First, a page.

House lawmakers ask banking regulators to review SEC custody rule

The Republican and Democratic leaders of two House subcommittees today asked banking regulators to review the Security and Exchange Commission’s proposed rule for safeguarding advisory client assets and determine whether it conflicts with their regulatory powers. In a joint letter, the four lawmakers urged the Federal Reserve, FDIC and OCC to engage the SEC “to mitigate potential unintended outcomes for investors, bank customers, financial markets and transmission channels for monetary policy effects.”

The SEC proposal would significantly restructure and expand the current custody rule as part of the agency’s attempt to address what it views as the potential risks posed by cryptocurrency. In May, ABA and three financial industry associations urged the SEC to withdraw the proposal, saying that it represented a fundamental departure from current industry practice and could harm financial markets. The lawmakers expressed similar concerns, pointing to the proposed rule’s requirement to segregate client cash, which would be a shift from current banking practices. The letter was signed by House Financial Institutions and Monetary Policy Subcommittee Chair Andy Barr (R-Ky.) and Ranking Member Bill Foster (D-Ill.), and Capital Markets Subcommittee Chair Ann Wagner (R-Mo.) and Ranking Member Brad Sherman (D-Calif.).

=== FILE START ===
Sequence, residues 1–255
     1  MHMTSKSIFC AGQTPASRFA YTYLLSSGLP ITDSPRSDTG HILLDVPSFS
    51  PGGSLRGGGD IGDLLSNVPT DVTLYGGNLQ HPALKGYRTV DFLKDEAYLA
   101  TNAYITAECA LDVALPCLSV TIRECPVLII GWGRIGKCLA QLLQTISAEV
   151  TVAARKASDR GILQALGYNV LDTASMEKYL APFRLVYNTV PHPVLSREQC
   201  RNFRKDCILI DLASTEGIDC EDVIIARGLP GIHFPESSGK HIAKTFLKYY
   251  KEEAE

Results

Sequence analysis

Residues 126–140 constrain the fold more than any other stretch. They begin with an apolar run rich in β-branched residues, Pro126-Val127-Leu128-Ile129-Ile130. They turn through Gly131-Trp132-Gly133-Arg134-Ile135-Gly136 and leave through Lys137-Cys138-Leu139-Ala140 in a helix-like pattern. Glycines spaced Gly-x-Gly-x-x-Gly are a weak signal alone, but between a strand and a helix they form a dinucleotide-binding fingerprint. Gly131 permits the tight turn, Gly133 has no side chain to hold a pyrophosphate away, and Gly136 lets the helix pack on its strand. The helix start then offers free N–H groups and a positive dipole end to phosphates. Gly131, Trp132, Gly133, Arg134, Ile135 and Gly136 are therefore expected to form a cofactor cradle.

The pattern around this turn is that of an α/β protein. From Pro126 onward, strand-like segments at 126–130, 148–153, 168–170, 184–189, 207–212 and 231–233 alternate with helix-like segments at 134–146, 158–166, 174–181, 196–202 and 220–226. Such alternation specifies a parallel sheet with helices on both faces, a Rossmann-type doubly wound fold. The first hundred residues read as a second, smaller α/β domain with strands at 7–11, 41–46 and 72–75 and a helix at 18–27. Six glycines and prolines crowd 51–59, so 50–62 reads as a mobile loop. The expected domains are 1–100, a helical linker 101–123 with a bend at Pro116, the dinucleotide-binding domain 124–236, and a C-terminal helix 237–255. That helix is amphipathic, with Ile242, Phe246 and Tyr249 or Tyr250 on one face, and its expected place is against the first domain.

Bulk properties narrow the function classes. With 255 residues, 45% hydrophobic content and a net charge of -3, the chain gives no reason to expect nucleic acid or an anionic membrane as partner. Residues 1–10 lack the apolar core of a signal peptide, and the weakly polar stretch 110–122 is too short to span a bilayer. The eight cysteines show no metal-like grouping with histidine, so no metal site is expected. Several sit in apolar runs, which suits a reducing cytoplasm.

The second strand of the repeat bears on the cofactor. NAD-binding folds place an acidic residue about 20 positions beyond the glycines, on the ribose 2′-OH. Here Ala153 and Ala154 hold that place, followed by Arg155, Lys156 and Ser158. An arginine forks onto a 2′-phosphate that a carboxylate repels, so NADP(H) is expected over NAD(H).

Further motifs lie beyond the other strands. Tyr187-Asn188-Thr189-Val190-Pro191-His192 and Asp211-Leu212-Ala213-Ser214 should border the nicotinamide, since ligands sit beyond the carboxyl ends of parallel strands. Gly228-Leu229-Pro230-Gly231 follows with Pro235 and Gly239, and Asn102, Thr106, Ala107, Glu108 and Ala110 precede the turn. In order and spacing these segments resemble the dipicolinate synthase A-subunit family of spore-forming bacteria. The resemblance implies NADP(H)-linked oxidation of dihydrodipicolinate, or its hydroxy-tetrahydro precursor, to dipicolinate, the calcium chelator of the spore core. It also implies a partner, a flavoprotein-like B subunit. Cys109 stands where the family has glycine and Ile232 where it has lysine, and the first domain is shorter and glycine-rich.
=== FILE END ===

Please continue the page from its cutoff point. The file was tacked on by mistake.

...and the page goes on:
“Deposit-taking, custody and safekeeping are among the oldest and most well-established banking activities,” the lawmakers said. “Supervision and regulation of a bank’s balance sheet and risk is the fundamental obligation of the banking regulators. Given the proposed rule’s interplay with banking regulations which would alter aspects of the banking system, we request your response to these questions and strongly encourage you to engage with the commission, as necessary, to mitigate conflicts with prudential banking regulations and avoid unintended consequences for consumers and the broader banking system.”